- The justices of the Appeal court then responded to the questions raised by the court attendants
- The session started in the afternoon after the justices held a brief with the Lawyers representing the various appellants
- The sessions that are head regionally, offers opportunity for the appellants to cut cost and have hope for justice instead of traveling to Kampala at all times
- Justice Kakuru opened the session on behalf of the Deputy Chief Justice in Arua with 51 cases to be handled in the next two weeks
By Our Reporter
Arua- Today, Justice Kenneth Kakuru and two other Justices, Izama Madrama and Ezekiel Muhanguzi have opened a criminal appeal session in Arua with 51 cases to be heard in the next two weeks.
Some of the locals who attended the opening session raised the questions and concerns on why there is delay in accessing justice due to various cases of adjournments. They also raised issues of how the poor can access Lawyers to help them in representation during hearing and at the time of appeal.
The justices later offered a ray of hope for the people who attended the court saying they would ensure that Justice is done. Justice Kakuru said sometimes, cases are adjourned because they could have been taken off but other duties in the various stations that they handle.
“Sometimes you could have a Lawyer who may be sick, the judge could have moved to a different location to hear cases. So, this may make cases of adjournment continue. But if your cases are delaying a lot, you can complain.”
Kakuru also condemned the acts of policemen who torture civilians during and after arrests. “The police have no right to torture citizens. The police are supposed to use reasonable force because the constitution says everyone is innocent until proven guilty. Even if a person is found stealing a phone, he/she should not be beaten,”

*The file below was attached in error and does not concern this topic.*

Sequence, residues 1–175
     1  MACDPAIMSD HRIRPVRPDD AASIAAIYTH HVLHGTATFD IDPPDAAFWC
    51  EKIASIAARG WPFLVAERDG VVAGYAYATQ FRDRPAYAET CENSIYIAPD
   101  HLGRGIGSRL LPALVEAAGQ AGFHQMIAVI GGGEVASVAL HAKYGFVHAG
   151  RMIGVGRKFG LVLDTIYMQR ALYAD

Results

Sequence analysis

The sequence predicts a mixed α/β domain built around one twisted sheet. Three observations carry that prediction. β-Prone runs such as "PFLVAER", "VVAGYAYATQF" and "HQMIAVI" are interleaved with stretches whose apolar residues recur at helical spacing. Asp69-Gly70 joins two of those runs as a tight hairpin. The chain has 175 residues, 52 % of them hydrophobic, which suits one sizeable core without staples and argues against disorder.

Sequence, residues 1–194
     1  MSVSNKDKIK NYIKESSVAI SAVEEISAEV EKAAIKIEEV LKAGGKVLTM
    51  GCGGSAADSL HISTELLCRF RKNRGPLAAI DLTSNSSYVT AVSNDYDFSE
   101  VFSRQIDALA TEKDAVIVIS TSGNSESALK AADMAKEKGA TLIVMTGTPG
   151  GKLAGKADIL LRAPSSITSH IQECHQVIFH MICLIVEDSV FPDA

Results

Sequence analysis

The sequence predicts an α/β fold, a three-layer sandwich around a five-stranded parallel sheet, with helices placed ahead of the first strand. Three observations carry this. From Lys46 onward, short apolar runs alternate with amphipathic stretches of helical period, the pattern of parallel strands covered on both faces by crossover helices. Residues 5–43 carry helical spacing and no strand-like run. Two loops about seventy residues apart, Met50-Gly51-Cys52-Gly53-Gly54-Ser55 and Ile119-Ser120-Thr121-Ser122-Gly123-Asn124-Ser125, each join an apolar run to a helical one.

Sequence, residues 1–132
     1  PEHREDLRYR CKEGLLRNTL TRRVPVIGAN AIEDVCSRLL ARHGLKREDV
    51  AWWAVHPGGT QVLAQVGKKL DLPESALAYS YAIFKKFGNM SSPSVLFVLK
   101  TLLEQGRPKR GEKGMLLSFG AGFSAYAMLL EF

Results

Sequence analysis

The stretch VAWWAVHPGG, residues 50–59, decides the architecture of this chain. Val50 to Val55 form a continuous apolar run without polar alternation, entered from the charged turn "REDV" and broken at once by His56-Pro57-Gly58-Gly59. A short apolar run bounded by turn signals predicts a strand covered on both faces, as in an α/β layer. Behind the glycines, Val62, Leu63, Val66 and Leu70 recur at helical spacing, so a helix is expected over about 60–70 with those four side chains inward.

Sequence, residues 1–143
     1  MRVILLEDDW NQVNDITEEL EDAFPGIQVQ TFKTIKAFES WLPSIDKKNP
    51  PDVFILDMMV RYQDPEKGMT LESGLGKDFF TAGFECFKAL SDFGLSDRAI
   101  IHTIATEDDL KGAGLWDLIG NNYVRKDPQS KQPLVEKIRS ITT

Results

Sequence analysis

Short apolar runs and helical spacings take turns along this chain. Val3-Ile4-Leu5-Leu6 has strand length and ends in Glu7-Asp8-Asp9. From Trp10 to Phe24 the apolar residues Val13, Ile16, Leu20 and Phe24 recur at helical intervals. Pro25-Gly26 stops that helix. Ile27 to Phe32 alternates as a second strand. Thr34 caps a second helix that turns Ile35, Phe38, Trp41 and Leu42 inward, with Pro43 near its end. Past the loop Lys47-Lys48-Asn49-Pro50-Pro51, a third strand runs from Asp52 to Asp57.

Justices Izama and Muhanguzi also responded to issues raised about corruption and they called upon the communities to start being responsible and report cases to the police and other relevant organisations.
One of the community members, Mr Guma who attended the court session asking questions about the session.
The Deputy Registrar, Ayebale Tumwebaze, while speaking to the media, said: “People always wants justice in two days, but this is not practically possible. And for instance, murder is not about how energetic you are, but you must follow the law and not engage in acts that results into murder. But we, the police and the religious leaders are trying to sensitize the people on issues of revenge.”
He added that: “Not every case should come to police or court because it’s painful and costly. To me the biggest cost is the relationship that you have because when you take your neighbor or friend to court over simple matter, it has a lot of effect on families.”
The judges will spend 30 days handling the sessions with the last two weeks for writing judgment.